Got it?

Probably not. I also prefer examples over definitions, so let’s give this a good kick.

Let’s assume we want to protect the Name property of your player. This is how the player would look like:

public interface IPlayerProfile
{
  string Name { get; }
  
  void ExecuteTransaction(PlayerTransaction transaction);
}

public class PlayerProfile : IPlayerProfile
{
  public string Name { get; set; }
  
  public void ExecuteTransaction(PlayerTransaction transaction)
  {
  	transaction.Execute(this);
  }
}

Saw that miracle?

  • IPlayerProfile: read-only interface referenced across your entire codebase.
  • PlayerProfile: class with write-access only referenced by approved transactions.

And now the trick is that the interface allows you to execute transactions that will eventually get write-access. Like this:

public abstract class PlayerTransaction
{
  public abstract void Execute(PlayerProfile playerProfile);
}

public class AdminChangeNameTransaction : PlayerTransaction
{
  private string _newName;
  
  public AdminChangeNameTransaction(string newName)
  {
  	_newName = newName;
  }
  
  public override void Execute(PlayerProfile playerProfile)
  {
  	playerProfile.Name = _newName;
  }
}

Key facts to remember:

  • You construct transactions with any parameters you might need, e.g. the new player name.
  • Transactions do their work in the Execute method, which get write-access to the player data.

Finally, your game admins can now use the transaction to safely change the player name like this:

[Inject] IPlayerProfile _playerProfile;	// Note this is the interface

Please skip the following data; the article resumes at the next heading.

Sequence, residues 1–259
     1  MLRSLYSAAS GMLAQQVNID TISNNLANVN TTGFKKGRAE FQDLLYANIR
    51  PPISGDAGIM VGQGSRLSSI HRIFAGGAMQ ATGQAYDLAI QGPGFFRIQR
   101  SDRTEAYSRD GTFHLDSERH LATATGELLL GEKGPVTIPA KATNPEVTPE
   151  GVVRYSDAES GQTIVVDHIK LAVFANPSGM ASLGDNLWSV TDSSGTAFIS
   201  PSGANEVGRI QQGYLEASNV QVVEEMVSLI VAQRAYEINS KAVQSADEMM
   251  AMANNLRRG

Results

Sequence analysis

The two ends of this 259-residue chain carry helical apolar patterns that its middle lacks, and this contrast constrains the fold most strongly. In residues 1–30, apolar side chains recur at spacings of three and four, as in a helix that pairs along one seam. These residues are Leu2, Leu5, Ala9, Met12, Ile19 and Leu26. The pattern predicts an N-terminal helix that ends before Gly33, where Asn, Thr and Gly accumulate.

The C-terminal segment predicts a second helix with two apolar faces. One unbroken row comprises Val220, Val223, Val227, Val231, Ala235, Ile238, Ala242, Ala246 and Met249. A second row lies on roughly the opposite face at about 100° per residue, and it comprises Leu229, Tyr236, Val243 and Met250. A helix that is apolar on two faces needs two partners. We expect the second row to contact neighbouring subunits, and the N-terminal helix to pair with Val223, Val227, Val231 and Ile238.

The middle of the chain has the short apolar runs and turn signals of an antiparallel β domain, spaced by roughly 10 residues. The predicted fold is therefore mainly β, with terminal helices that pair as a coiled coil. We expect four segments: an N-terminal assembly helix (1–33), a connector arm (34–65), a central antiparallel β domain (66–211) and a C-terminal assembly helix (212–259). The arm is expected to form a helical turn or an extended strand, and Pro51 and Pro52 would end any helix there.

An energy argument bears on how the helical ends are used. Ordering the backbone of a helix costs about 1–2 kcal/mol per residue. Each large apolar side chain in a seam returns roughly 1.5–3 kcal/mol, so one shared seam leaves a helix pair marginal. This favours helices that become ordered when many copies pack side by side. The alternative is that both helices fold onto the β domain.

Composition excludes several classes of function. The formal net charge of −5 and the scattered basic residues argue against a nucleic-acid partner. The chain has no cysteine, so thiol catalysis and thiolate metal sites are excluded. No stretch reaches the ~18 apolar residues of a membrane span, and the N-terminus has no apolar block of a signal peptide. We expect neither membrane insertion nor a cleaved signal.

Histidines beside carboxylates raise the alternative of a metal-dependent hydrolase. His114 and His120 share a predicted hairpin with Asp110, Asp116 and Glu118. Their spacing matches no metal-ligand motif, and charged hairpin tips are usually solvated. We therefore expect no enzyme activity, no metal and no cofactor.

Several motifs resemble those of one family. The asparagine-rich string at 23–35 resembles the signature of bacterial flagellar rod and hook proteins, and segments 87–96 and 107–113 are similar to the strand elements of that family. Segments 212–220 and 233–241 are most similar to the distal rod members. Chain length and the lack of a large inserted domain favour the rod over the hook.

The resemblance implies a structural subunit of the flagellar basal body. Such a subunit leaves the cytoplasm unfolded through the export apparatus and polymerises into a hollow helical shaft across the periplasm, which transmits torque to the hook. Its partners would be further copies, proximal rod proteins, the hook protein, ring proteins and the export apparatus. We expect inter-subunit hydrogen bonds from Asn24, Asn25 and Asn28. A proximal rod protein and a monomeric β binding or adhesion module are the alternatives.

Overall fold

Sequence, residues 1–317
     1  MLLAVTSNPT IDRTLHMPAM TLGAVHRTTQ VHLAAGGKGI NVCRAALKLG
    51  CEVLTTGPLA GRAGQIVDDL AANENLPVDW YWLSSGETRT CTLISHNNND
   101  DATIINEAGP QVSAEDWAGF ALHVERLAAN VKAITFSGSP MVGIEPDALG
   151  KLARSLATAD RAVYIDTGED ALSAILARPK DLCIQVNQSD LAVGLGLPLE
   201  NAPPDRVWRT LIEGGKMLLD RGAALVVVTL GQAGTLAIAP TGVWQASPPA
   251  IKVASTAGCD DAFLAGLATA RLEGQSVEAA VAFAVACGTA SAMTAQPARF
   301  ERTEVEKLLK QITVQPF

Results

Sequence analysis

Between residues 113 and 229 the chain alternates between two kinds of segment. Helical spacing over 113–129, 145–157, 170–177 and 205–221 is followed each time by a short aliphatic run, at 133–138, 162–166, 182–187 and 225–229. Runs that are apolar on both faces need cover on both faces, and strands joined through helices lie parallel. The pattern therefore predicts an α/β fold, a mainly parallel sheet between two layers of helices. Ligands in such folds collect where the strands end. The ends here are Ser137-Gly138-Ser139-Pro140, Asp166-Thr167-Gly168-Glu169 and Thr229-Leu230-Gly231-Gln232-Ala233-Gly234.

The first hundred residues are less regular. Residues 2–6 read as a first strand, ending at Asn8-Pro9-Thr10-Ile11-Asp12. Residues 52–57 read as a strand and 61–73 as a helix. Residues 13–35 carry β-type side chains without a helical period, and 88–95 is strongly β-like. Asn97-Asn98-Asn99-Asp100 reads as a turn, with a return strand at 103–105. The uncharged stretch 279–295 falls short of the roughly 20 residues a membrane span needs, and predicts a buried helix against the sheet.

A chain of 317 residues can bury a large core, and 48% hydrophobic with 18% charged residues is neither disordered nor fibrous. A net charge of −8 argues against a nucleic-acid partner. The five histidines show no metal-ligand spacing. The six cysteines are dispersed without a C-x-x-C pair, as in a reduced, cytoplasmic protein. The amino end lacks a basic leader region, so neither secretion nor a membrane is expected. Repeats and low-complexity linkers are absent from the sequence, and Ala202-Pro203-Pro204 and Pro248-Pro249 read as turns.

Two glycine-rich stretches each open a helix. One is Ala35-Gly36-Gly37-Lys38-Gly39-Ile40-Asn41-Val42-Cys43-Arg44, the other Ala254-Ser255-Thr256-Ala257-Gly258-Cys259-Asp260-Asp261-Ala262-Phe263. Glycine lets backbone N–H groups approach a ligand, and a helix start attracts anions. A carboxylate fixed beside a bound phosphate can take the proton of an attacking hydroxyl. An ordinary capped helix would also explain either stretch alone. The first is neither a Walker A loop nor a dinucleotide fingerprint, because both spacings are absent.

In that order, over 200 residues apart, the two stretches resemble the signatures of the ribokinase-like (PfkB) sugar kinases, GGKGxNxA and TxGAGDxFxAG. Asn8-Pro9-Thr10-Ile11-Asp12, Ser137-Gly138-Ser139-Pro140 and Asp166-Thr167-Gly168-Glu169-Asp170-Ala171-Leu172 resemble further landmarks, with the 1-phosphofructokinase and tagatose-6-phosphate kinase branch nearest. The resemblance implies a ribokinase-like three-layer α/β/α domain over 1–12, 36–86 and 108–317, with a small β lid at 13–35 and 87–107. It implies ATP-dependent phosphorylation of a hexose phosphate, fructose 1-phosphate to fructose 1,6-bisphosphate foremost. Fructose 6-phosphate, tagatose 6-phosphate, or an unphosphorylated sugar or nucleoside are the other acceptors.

void OnAdminChangeNameButtonPressed()
{
  _playerProfile.ExecuteTransaction(new AdminChangeNameTransaction(nameInput.text));
}

Juicy!

(Noticed how well this plays with the KISS Dependency Injection Pattern?)

Now you can go ahead and:

  1. Identify situations that require changes on your sensitive data.
  2. Implement transactions for these scenarios.

Some developers don’t understand the benefits of an approach like this. So here are some on top of my head:

  • Simplicity: fewer bugs, fewer exploits, less overhead & frustration for YOU.
  • Cohesion: you can now safely group operations that make sense together. For example, IncreaseXPTransaction does not only add XP, but might also increase the level when enough xp is accumulated.
  • Mental structure: it forces you to think ahead of time who will you grant write-access to for your sensitive data.

However!!

Not everything is cute rainbows & butterflies. There’s also a sucky dark thing about this transaction pattern…

A Warning on the Transaction Pattern

The KISS Transaction Pattern for Unity works wonders because it’s simple and makes your programming style safer. Period.

But there’s a single warning I must give you about this specific implementation: it is dangerous for your project performance.

Why?

Because these example transactions allocate memory on the heap and fragment your memory by default.

Here, see for yourself.

Memory allocations of the Default Transaction Pattern

You might think you can fix that by converting them into a struct, but no, that will only make things worse.

The result is clear: slower framerate and occasional freezes that your players won’t particularly enjoy.

It is totally ok that you use this sample implementation during your prototyping phase. But if you’re working on a production project that you eventually want to ship, you should use the production-ready, high-performance KISS Transaction Pattern.

To gain access to a detailed lesson on the production-ready KISS Transaction Pattern with ZERO allocations, join the Unity Performance Taskforce & unleash the beast. You’ll find all the content in the lesson #021 after you join.

Ruben (The Gamedev Guru)

The Gamedev Guru Logo

Ruben Torres Bonet (VReality Labs)
Reginhardstraße 34, 13409 Berlin, Germany